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For True Innovation, Don’t Rely On Your Own Ideas

Anheuser-Busch innovation executives say that in order to excel at coming up with new ideas, you have to discard your own and listen to what real people want.

For True Innovation, Don’t Rely On Your Own Ideas
[Photo: Daniel Terdiman]

When most people think of Anheuser-Busch, what comes to mind are its most famous American beers—Budweiser, Bud Light, Michelob, and the like. But these days, the company is a global beverage company that controls dozens of brands, including Stella Artois, Becks, Bass, Boddington’s, and Rolling Rock.

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It’s also home to numerous smaller, craft beer brands. And Anheuser-Busch says it’s always looking for new ideas, new beers it can launch at both massive and small scales, and that means coming up with new ways of doing things.

That’s what about 50 Fast Company Innovation Festival guests were hoping to learn about when they came to the company’s New York commercial strategy center Monday for a talk on how Anheuser-Busch innovates and attempts to stay ahead of the competitive curve.

[Photo: Daniel Terdiman]

According to the Brewers Association, beer in the United States was a $107.billion business in 2016, with $23.5 billion of that coming from the craft side of the industry. Those are very big numbers, and Anheuser-Busch obviously wants a big, and always growing, piece of that pie. But how does it make sure that it’s not resting on its laurels? That it’s able to keep coming up with fresh concepts, new beers that will excite consumers, and the kinds of thinking that will ensure it can continue to innovate.

Doing so means understanding what consumers want, and not getting stuck in old ways of thinking, Felipe Szpigel, president of the high end, Sandro Basil, vice president of people, and Jodi Harris, head of consumer insights stressed during the panel discussion.

[Photo: Daniel Terdiman]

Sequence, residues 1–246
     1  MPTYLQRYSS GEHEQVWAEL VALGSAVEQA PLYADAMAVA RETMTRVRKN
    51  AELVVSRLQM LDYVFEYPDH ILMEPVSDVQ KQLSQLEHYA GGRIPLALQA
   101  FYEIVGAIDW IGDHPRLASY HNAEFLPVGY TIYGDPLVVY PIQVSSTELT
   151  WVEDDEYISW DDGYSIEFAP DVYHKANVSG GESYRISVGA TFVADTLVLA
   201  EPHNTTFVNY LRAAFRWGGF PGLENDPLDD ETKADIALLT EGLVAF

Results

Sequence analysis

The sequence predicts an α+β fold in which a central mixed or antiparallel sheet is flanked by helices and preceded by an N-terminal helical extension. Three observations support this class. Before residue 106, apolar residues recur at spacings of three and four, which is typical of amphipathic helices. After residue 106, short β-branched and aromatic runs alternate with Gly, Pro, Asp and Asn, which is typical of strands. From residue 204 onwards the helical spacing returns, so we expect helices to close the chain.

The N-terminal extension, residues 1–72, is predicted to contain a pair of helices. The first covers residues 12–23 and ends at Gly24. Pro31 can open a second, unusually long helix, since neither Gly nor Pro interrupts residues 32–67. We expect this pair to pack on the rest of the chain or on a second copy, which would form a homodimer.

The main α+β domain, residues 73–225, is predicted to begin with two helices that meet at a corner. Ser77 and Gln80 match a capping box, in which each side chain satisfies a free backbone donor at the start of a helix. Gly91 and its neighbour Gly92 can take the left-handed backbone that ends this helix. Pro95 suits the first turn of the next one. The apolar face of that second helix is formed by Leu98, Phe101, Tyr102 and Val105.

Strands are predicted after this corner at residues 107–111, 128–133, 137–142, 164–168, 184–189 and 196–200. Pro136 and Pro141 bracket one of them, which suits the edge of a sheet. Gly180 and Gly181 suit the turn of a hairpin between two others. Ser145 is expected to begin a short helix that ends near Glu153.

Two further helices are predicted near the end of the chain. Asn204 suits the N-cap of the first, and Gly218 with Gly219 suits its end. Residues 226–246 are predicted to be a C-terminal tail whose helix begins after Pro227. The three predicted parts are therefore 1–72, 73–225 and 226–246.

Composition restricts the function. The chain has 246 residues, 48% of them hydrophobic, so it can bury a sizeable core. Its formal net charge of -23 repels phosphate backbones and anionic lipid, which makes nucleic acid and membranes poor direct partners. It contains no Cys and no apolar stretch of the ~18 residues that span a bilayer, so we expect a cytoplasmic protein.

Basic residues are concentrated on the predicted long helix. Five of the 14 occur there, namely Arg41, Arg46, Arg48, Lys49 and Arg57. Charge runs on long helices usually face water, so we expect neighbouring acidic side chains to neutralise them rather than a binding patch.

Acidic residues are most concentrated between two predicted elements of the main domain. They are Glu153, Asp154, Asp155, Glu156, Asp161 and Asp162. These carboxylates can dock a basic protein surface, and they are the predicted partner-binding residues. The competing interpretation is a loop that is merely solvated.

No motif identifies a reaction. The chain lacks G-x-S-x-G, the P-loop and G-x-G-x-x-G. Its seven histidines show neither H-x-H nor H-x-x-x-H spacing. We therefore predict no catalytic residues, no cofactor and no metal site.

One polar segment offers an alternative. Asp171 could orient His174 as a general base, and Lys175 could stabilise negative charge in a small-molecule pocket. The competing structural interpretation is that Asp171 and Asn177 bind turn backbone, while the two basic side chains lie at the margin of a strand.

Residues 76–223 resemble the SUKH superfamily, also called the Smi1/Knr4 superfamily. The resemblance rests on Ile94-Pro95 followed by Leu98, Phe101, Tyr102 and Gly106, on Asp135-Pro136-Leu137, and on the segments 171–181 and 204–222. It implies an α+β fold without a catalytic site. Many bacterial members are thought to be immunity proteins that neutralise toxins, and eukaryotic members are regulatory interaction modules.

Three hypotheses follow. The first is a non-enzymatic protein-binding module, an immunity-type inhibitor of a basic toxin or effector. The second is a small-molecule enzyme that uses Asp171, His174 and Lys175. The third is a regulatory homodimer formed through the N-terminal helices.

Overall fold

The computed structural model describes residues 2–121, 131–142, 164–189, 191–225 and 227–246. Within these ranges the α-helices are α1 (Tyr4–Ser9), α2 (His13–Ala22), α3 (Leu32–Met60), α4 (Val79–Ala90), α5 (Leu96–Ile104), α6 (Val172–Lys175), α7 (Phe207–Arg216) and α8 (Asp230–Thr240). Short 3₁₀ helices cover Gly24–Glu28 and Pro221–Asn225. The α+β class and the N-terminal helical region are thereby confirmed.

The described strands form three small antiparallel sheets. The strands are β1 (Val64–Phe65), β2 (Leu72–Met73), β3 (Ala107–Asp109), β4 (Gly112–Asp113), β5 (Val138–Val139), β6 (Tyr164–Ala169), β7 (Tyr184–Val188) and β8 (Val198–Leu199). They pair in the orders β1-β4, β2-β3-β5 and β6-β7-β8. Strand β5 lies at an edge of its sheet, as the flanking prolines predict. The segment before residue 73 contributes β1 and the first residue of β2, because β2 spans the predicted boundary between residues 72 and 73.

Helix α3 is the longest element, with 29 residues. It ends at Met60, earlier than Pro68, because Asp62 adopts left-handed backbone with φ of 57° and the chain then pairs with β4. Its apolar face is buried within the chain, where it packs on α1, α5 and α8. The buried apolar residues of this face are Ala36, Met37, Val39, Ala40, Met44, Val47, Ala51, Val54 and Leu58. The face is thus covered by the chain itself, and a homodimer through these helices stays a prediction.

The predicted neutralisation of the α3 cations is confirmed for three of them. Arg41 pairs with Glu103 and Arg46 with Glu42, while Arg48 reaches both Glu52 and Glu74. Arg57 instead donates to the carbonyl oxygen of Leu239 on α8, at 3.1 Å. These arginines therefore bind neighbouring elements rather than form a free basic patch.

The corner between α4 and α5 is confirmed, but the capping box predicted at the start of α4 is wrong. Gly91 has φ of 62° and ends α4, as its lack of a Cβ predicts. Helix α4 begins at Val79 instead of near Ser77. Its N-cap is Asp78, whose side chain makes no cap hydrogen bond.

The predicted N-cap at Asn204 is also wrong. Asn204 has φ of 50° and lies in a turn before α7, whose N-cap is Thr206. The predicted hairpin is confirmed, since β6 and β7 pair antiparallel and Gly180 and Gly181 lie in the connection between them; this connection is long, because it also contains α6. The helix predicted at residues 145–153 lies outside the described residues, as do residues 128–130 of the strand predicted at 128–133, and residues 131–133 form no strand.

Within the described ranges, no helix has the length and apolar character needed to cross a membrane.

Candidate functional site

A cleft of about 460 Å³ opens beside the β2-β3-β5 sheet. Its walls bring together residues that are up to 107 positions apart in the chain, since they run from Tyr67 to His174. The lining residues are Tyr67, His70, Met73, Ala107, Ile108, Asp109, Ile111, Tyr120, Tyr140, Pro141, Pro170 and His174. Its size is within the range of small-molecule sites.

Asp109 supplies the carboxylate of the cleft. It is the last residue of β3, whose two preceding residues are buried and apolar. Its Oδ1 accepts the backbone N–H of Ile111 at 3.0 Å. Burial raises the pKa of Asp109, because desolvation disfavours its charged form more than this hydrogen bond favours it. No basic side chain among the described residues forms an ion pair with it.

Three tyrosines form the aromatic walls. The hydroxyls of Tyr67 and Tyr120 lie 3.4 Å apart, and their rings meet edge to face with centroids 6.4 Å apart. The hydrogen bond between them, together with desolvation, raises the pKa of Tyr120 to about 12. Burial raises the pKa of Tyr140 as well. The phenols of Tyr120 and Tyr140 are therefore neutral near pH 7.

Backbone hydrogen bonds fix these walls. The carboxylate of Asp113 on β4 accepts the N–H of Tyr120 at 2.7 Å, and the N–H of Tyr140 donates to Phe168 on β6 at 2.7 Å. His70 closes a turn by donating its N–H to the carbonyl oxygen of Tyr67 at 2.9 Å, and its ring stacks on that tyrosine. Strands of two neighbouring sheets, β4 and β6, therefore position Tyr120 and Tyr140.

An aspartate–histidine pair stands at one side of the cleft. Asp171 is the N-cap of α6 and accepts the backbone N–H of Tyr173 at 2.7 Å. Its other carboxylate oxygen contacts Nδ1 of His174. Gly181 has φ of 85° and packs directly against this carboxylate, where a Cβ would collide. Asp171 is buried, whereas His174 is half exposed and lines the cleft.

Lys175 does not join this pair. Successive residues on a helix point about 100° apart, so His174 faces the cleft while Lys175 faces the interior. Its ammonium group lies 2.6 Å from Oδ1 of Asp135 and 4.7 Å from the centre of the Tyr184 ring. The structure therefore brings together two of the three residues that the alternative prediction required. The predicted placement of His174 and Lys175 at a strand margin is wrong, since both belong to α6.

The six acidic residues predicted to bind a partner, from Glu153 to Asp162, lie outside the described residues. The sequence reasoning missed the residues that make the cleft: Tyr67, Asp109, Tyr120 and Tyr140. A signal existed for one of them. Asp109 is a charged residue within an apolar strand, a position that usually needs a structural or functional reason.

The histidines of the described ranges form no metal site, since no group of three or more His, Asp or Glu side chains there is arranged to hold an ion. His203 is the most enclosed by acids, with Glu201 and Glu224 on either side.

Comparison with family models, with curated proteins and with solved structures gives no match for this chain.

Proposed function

“The key word…is ‘listen,'” Harris said. “Too often, we spend a lot of time asking questions, validating the big ideas we might have versus just listening and observing and immersing ourselves in the culture with consumers, building those relationships, building trust and transparency.”

Added Harris, a key fundamental behind Anheuser-Busch’s innovation goals is accepting that it can only come if the company understand it’s a “two-way street.”

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[Photo: Daniel Terdiman]

Internally, company executives have coined a phrase that gets to the heart of these goals: “Break the glass.” That means not just relying on internal thinking and ideas, but going out to “actually sit next to customers, go to their homes,” Harris says. “Not just consumers, but bartenders and other stakeholders in the industry.”

When done well, it can mean great ideas can be collected, and acted on, in extremely short periods of time. Harris said that it can traditionally take 18 months to launch a new product, and recently, she and her colleagues found themselves with just two weeks for the ideation phase for some future products.

“We rolled our sleeves up, and we went across the country,” Harris recalled. “We spoke to over 200 consumers…and came up with over 50 branded ideas that stretched across products…motivation, and what we call ‘passion points.'”

[Photo: Daniel Terdiman]

Those conversations involved communicating with consumers in all the ways that are important in people’s everyday, real, lives–sports, music, food, and others.

“And what would have taken about six weeks to do,” Harris explained, “took about a week, and we were able to turn it into…a plan.”

The key to that was breaking the company’s traditional processes, she argues. “You’re not going to learn something different or listen to consumers a different way if you’re following your instincts,” she says. “You’ve got to be able to break the mold a little….It’s exciting, it’s a little bit painful, it’s a little scary, but that’s what innovation is all about.”

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And the result of this mold-breaking listening tour? Harris says Anheuser-Busch has 10 new innovations coming out over the next year. Stay tuned, and stay thirsty.

About the author

Daniel Terdiman is a San Francisco-based technology journalist with nearly 20 years of experience. A veteran of CNET and VentureBeat, Daniel has also written for Wired, The New York Times, Time, and many other publications.

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